A Detroit attorney wants to let Michigan voters decide on new marijuana regulations. Detroit attorney Matt Abel, who is a registered medical marijuana patient in Michigan, is starting the signature gathering next week. From what I can tell from news reports out of Michigan, Matt Abel was inspired to start the process after hearing about so many potential Michigan medical marijuana patients being turned down by unfriendly doctors.
I can’t find any wording for the proposal, but according to an article published by the Detroit Free Press, “It would be for religious, medical and personal use, industrial use and agricultural use — we’re putting all that right in the wording,” said Abel, 53, of Detroit. The article also stated, “The goal is to be on the statewide November ballot with a proposal allowing Michiganders 21 and older to possess small amounts of marijuana, he said.” As soon as I find some text or more information, I will make sure to post it on TWB for all to see.
As always, opponents are clinging to the ‘it’s still illegal under federal law’ argument. I am so sick of this argument. I guarantee these are the same people that push so hard for states’ rights and NIMBY and who knows what else when it fits their ideology. Yet when it comes to marijuana (medical or recreational) all of sudden they act like having the feds run everything is how they have wanted it all along. In the article, an attorney explains why a constitutional amendment would be better than the current marijuana policy in Michigan. “The state act allowing medical marijuana “doesn’t legalize marijuana, it creates an exception to illegality — but a constitutional amendment would be a stronger protection for the use of marijuana, medical or otherwise,” attorney and Royal Oak City Commissioner Jim Rasor said.”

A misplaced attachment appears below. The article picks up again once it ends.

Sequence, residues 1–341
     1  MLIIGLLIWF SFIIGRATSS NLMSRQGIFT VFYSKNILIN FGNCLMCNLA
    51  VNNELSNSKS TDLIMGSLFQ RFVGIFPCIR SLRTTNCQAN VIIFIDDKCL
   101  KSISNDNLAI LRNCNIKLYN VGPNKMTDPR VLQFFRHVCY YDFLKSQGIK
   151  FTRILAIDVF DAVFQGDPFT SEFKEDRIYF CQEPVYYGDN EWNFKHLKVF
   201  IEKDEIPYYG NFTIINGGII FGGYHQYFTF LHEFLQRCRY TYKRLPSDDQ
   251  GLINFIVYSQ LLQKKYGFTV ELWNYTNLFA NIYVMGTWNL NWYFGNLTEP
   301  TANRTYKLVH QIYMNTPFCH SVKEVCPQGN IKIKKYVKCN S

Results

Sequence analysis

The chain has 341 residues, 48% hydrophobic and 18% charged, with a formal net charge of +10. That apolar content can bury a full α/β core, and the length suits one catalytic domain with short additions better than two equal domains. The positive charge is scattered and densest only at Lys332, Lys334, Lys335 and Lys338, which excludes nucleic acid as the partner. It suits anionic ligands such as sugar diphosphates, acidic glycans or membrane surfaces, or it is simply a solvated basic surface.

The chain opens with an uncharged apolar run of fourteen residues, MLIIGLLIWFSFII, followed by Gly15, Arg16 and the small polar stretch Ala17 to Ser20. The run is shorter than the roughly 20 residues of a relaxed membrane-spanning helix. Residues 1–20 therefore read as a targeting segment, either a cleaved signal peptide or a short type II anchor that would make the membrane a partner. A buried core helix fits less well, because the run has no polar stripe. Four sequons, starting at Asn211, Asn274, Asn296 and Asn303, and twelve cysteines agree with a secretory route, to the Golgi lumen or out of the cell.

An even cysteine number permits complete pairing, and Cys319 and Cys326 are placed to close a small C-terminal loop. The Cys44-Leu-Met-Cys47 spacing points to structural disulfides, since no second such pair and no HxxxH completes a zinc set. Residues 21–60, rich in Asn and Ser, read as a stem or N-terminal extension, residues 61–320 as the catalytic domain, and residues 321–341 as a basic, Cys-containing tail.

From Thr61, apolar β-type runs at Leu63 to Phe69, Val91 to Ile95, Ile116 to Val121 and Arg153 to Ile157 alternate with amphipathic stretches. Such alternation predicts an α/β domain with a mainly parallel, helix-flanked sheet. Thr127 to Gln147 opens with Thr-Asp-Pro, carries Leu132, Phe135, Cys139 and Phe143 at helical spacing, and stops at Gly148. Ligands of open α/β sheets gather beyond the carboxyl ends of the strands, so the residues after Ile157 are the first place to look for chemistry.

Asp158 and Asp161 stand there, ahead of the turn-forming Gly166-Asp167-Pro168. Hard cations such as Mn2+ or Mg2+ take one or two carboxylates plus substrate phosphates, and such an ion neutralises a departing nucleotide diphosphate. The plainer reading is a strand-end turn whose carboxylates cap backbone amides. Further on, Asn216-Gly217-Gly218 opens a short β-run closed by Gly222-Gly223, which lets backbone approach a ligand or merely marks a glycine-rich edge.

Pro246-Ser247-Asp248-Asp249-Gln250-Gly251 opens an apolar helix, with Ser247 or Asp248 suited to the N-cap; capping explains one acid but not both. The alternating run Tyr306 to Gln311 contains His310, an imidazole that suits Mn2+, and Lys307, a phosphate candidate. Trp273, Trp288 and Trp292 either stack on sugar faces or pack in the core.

Another great quote from the article comes from a long time marijuana activist in Michigan. ‘The campaign for legalization “is a direct result of … Schuette and his obsession with destroying the medical marijuana act…People are getting desperate and saying, ‘We have to push ahead and get public opinion on our side,’ ” said Detroit-based health care benefits firm owner Tim Beck, 60, of Detroit, who in 2006 helped draft Michigan’s medical marijuana act.
The article ended with a plug for an event that sounds very worthwhile, so I will keep it in it’s entirety below. As I stated before, I will try as hard as I can to get in touch with the activists that are behind the signature gathering to see if I can get some text, and whatever other info that is helpful. If by some Google miracle they read this article before I can contact them, activists in Michigan, send me an e-mail so I can help spread the word!
More Details: Marijuana symposium at Wayne State University
The “National and State Marijuana Reform — Social, Economic, Health and Legal Implications” symposium is 8 a.m.-5 p.m. Jan. 27 at Wayne State University Law School’s Spencer Partrich Auditorium.
The keynote speaker is former Michigan Attorney General Mike Cox. Other speakers include WSU professors of law and pharmacy, prominent Detroit-area attorneys involved with legalization efforts and speakers from nonprofit groups that favor legalization.
The event is open to the public. To register, call 313-577-8032.